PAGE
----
HAVANA — Should Prime Minister Dmitry Medvedev stop by the venerable Hotel Nacional during his visit to Havana this week, he might take note of an ironic composition in the lobby.
A small advertisement proudly proclaims Cuba as the site of "the greatest confrontation between the United States and the Soviet Union" and beckons visitors to tour the trenches and tunnels on the hotel's grounds that were used during the Cuban missile crisis more than 50 years ago.
Also in the lobby on an afternoon this week were a throng of mostly elderly American tourists, visiting legitimately despite a half-century U.S. embargo thanks to a limited number of so-called cultural exchanges.
The group seemed oblivious to a large contingent of Russians in Medvedev's advance team.
Although certainly more lightly and informally dressed than they might be while preparing for a state visit in many other countries, the Russian officials were involved in a range of meetings taking place around Medvedev's two-day visit, which starts Thursday and will include talks between the prime minister and Cuban leader Raul Castro.
A meeting with older brother Fidel is possible "if his doctor allows it," a member of the Russian delegation told Interfax.
"We are thankful for the attention," said one local business executive, who like other Cubans interviewed for this story insisted on anonymity, saying he did not want to draw undue attention to himself. "After all, we have to work closely with our important international friends, no matter how far away they are."
Seven intergovernmental documents are expected to be signed during Medvedev's stay, including an agreement on cooperation in space research and a memorandum on mutual understanding between Rosatom and the Cuban national nuclear safety center, RIA-Novosti reported. A deal might also be clinched for Ilyushin Finance to supply An-158 regional jets to Cuban operators, Interfax reported.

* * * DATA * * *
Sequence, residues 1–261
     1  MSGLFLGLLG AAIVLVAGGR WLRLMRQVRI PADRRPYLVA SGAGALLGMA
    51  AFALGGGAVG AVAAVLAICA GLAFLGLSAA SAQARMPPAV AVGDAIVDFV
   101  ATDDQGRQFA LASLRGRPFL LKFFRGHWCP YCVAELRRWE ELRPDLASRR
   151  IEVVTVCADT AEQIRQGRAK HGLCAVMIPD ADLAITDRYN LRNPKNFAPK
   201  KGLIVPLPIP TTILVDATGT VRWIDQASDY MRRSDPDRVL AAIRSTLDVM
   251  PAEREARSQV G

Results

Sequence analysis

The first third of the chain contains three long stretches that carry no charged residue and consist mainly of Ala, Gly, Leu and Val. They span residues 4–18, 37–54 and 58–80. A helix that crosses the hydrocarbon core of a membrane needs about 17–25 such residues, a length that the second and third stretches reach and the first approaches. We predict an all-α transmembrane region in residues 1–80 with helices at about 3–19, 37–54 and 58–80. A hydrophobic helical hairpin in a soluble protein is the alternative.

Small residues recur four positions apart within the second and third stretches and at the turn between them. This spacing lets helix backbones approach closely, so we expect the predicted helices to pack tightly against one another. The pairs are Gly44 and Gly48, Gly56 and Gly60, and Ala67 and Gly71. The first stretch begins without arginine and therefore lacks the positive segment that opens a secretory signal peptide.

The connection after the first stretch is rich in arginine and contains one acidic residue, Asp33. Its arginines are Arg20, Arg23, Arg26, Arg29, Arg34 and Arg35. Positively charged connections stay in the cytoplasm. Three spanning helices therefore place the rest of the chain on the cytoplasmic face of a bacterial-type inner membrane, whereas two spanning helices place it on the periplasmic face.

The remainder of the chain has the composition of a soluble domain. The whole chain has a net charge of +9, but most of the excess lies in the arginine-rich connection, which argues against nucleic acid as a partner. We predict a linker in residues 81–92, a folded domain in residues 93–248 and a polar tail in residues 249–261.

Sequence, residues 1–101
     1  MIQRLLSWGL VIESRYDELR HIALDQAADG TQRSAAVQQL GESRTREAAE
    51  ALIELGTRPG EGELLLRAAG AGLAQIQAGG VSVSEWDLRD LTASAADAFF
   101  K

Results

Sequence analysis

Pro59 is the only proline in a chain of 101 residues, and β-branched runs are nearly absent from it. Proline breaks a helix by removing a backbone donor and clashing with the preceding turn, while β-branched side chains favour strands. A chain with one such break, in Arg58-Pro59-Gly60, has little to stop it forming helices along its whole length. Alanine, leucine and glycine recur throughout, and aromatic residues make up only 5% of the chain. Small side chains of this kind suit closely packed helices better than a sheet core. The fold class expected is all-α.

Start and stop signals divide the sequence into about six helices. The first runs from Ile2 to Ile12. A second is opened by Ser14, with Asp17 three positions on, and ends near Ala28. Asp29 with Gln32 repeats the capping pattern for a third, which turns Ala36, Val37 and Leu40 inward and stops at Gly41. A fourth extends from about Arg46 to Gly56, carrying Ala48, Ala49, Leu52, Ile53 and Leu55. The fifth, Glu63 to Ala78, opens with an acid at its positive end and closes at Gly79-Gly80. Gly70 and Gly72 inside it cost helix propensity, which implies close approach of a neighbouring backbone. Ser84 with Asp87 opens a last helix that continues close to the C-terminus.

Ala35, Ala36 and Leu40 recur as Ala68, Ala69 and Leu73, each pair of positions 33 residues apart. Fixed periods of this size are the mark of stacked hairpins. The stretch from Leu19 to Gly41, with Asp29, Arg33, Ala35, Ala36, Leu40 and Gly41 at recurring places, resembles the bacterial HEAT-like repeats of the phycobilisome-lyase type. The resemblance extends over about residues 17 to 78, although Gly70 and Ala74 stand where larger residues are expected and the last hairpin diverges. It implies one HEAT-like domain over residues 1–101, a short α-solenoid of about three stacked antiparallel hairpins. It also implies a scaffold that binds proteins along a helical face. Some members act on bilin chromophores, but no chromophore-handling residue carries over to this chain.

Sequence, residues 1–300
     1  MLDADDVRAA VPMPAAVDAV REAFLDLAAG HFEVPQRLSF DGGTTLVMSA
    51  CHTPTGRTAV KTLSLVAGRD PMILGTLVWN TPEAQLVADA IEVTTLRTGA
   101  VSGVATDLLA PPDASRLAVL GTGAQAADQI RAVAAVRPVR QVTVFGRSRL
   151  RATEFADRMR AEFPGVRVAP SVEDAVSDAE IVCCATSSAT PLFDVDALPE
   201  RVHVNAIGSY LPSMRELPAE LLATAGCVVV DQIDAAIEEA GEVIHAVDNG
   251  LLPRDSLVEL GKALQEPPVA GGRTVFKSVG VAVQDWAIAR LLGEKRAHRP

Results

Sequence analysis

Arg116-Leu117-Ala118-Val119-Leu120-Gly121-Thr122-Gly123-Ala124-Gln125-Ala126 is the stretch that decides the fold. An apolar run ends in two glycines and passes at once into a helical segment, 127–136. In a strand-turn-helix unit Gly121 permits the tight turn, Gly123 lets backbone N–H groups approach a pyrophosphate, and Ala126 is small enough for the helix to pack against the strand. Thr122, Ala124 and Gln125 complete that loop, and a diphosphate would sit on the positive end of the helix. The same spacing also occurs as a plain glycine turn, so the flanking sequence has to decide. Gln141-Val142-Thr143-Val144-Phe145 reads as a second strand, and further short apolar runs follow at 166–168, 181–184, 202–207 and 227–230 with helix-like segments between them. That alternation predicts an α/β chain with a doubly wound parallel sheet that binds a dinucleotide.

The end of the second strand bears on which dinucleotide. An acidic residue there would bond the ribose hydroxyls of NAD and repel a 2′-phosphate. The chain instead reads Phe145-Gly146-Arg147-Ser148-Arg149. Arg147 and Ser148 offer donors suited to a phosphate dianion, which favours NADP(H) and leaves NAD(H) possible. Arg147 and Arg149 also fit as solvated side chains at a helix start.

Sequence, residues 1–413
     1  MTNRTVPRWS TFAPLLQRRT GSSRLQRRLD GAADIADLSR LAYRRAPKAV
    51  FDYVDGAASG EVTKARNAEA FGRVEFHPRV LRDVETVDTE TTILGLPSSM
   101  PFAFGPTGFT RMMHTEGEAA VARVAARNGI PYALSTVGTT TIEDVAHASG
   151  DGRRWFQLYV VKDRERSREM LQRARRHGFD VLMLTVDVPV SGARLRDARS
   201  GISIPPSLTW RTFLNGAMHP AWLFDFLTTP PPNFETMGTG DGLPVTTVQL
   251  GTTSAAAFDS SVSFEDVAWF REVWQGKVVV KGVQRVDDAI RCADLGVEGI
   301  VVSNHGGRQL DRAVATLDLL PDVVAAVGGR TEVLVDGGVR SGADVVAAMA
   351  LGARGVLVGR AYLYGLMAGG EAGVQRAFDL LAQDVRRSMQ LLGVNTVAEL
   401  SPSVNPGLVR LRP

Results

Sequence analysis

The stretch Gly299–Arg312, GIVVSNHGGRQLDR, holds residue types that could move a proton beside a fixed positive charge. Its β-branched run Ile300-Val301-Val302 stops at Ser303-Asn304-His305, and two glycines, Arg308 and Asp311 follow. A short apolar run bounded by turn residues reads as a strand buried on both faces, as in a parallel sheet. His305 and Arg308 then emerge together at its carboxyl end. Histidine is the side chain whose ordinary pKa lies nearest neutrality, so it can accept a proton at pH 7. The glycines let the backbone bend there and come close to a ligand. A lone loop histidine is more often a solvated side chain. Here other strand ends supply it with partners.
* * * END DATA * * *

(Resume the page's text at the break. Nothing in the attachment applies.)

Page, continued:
The main focus of the Russian-Cuban talks is expected to be bilateral trade, which totaled a mere $194.9 million for the first 11 months of 2012. Havana and Moscow agreed to try to expand and diversify commercial relations during Raul Castro's visit to Moscow last July.
Cubans are hoping that small figure will increase drastically if Russia's overseas oil company Zarubezhneft finds oil when it completes drilling that it began in December off Cuba's northwestern coast. If oil is found when the first stage of drilling is complete in June 2013, investment in the project could reach 5 billion euros ($6.7 billion), according to a company statement.
The Cuban government has said that up to 20 billion barrels of oil could be under the seafloor. But disappointment swept the island three times over the past two years as previous test drills by other foreign firms came up dry.
Raul Castro and Medvedev, who will arrive after a visit to Brazil, may also discuss the situation in Venezuela, which like Cuba has been a long-time, loyal ally of Moscow. Venezuelan President Hugo Chavez left Cuba for home this week after an extended stay for cancer treatment, and the gravity of his illness remains unclear.
Although not listed on the official agenda for Medvedev's visit, Cuba could benefit from best practices sharing as it ramps up efforts to promote private enterprise similar to those introduced by the Soviet government in the late 1980s. Cubans are beginning to learn the joys and sorrows of individual enterprise as Raul Castro follows through on a government initiative started nearly two years ago to push 1 million state employees off the official payroll and into a burgeoning private sector. The new rules allow for more private ownership of homes, cars, businesses and even involves providing microloans.
"You can see the changed landscape of the city," said a local resident, in reference to the expanding number of kiosks, stands and makeshift storefronts where newly registered individual entrepreneurs are hawking foodstuffs, clothing and small goods. They are beginning to open service establishments like beauty parlors and mini health spas, in addition to adding to an existing base of private restaurants. A recent trend has small local bars appearing in neighborhoods across the city.
The number of Russian tourists is also booming, with 87,000 visiting the island in 2012 compared to 78,500 the previous year. The Cuban government has said it expects tourism from Russia to double over two years. It could well be that some of those visitors, who represent Russia's own growing middle class, have experience in entrepreneurship to share.